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Mathematical modeling of soil carbon turnover in natural Podocarpus forest and Eucalyptus plantation in Ethiopia using compound specific δ13C analysis

Authors


Korbinian P. Freier, International Max Planck Research School on Earth System Modeling (IMPRS-ESM), Bundesstraße 55, D-20146 Hamburg, Germany, tel. +49 0 40 42838 7243, fax +49 0 40 42838 7009, e-mail: korbinian.freier@zmaw.de

Abstract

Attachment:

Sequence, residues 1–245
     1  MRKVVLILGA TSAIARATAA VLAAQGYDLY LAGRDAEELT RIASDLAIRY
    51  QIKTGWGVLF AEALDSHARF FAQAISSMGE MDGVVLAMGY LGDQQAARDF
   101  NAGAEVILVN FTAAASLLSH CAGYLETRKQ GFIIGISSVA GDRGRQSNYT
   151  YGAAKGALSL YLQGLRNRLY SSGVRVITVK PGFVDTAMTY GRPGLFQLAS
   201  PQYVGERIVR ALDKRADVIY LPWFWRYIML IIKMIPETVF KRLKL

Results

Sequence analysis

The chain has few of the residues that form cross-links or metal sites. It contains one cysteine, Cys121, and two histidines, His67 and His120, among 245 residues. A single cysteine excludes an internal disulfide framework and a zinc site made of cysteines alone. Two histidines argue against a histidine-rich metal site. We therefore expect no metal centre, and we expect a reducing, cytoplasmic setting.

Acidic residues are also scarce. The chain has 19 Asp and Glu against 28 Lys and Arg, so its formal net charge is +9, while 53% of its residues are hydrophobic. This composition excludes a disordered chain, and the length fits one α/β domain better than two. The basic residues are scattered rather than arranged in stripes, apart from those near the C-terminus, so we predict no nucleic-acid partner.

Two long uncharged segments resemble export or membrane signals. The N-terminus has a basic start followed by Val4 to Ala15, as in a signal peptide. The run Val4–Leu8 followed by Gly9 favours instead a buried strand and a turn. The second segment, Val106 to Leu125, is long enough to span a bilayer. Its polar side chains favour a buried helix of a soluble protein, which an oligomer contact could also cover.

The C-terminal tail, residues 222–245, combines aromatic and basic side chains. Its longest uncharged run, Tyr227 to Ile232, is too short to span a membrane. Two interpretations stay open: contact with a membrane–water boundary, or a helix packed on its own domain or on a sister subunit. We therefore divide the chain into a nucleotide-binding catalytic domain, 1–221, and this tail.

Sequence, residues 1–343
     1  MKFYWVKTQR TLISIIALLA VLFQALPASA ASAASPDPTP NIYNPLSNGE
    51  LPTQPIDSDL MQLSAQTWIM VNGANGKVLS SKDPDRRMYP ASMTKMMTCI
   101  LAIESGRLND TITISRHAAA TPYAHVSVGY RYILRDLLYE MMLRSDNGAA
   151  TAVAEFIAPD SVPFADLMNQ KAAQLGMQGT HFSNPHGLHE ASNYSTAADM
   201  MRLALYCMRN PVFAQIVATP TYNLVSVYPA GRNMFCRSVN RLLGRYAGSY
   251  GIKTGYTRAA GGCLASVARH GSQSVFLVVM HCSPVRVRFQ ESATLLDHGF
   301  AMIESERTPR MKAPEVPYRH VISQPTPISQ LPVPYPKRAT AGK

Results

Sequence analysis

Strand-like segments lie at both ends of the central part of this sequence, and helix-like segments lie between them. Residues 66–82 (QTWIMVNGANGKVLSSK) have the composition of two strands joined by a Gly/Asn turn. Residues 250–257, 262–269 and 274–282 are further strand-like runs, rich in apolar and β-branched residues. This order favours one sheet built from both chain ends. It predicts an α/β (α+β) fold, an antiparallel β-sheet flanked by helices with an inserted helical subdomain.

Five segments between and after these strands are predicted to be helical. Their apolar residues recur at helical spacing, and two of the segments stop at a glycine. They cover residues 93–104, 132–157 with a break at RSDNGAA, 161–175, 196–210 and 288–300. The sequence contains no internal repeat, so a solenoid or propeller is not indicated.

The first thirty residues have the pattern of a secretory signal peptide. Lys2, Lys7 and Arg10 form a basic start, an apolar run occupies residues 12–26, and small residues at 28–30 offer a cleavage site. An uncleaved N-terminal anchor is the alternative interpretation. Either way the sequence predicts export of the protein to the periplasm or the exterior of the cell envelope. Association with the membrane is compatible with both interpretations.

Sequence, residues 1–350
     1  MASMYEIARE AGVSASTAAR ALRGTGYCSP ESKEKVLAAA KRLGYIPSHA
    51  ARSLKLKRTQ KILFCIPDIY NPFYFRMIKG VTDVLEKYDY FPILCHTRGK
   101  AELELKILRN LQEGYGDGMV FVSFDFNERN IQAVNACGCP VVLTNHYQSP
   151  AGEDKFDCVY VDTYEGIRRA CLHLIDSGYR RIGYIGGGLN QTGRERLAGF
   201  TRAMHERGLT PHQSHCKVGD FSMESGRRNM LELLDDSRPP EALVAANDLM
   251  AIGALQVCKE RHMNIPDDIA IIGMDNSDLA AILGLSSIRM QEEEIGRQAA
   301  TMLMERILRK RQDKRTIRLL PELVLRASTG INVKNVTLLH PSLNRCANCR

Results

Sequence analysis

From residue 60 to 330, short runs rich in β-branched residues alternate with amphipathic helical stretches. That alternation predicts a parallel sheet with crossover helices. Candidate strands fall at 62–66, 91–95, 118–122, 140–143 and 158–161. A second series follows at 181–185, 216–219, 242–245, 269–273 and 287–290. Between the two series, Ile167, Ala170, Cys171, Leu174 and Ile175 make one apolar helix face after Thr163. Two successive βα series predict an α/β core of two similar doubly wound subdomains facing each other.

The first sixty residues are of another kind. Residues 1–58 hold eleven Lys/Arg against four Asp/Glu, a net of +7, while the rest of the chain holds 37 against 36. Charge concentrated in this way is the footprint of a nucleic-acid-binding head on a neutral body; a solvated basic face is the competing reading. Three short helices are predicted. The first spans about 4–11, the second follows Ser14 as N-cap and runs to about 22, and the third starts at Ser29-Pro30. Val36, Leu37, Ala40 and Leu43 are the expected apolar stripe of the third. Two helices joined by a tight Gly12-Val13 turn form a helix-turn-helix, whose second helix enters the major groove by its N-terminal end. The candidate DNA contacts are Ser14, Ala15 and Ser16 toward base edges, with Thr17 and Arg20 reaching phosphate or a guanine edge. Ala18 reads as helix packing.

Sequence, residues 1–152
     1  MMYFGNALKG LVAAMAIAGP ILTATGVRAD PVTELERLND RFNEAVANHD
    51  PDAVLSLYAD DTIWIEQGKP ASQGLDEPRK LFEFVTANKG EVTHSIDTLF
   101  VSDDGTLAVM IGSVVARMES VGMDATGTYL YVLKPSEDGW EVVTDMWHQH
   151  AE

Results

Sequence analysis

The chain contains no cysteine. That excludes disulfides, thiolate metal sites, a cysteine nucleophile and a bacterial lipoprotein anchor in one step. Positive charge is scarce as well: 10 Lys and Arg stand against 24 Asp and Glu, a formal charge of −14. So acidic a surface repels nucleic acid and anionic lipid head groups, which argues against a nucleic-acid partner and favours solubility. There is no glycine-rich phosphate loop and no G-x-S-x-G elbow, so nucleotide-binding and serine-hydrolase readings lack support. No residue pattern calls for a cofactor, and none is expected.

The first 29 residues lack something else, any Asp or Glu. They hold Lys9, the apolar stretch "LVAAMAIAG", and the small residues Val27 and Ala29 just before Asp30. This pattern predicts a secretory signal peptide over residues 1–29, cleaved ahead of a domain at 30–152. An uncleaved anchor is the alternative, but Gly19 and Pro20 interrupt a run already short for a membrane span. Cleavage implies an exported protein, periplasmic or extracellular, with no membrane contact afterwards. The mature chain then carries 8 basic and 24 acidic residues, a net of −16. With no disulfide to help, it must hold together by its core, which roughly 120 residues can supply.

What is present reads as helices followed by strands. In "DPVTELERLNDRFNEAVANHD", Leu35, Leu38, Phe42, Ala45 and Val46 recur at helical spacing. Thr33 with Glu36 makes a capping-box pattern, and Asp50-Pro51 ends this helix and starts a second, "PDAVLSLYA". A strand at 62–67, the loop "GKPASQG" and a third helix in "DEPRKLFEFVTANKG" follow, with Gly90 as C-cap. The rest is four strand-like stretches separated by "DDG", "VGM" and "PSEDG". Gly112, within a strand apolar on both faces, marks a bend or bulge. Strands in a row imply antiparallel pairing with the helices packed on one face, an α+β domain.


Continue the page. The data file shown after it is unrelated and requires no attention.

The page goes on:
Forest soils exhibit huge potential in storing carbon, but may also release large amounts of it if they undergo major changes in land use and environmental conditions. Biogeochemical processes controlling accumulation and release of soil organic carbon (SOC) are not yet sufficiently understood. We investigate the dynamics of SOC depending on its chemical composition below a natural forest (Podocarpus falcatus dominated) and a plantation (Eucalyptus saligna) growing on Nitisols in southern Ethiopia. Soils at the study-site show a huge shift to less negative δ13C values at a depth of 20–30 cm, indicating a change from C4 savanna to C3 forest during the late Holocene. Total organic carbon (TOC), black carbon (BC), and sugars from microbial (rhamnose, fucose) and plant origin (xylose, arabinose) are subjected to compound-specific stable isotope analysis. Turnover characteristics are calculated using a numerical advection–diffusion–decomposition model. Our measurements show significant differences in carbon storage (P<0.05) for both sites (Podocarpus 23.5 ± 3.2 kg SOC m−3; Eucalyptus 18.6 ± 2.7 kg SOC m−3). These differences can be explained with an initial loss of 15–26% of TOC about 50 years ago, induced by clearing the natural forest. After canopy closure, the carbon input below Eucalyptus is 15–34% less than below natural forest. At present, mean residence times (MRTs) of the investigated compounds do not differ between both stands. Sugars show the shortest MRTs in the topsoil with 2–7 years (xylose) and 5–13 years (arabinose) and have been affected the most by clear-cutting. TOC and BC show MRTs of 13–25 years and 20–34 years, respectively. Old C4 carbon below 20 cm has merely been affected by the land use change. Contrary to expectation, our study does not indicate a pronounced recalcitrance of BC.

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